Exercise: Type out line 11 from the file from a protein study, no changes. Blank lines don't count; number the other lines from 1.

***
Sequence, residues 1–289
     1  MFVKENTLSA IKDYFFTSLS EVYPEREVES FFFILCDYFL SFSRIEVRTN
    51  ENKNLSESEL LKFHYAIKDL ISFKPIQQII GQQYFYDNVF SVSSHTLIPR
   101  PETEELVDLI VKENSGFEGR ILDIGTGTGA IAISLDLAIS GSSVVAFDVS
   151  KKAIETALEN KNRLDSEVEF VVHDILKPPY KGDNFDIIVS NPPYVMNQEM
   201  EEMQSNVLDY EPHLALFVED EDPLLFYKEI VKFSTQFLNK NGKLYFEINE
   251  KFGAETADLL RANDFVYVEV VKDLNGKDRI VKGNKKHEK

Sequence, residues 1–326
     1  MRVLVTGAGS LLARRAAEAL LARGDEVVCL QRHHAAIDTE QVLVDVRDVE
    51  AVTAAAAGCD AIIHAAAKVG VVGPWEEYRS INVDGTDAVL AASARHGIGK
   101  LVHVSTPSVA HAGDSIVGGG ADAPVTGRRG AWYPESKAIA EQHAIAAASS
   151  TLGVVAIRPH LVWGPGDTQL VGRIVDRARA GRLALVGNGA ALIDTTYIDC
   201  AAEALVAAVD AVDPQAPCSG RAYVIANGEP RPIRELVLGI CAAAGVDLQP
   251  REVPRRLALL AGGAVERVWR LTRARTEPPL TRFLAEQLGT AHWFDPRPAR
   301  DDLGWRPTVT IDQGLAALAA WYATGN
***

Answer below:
   101  LVHVSTPSVA HAGDSIVGGG ADAPVTGRRG AWYPESKAIA EQHAIAAASS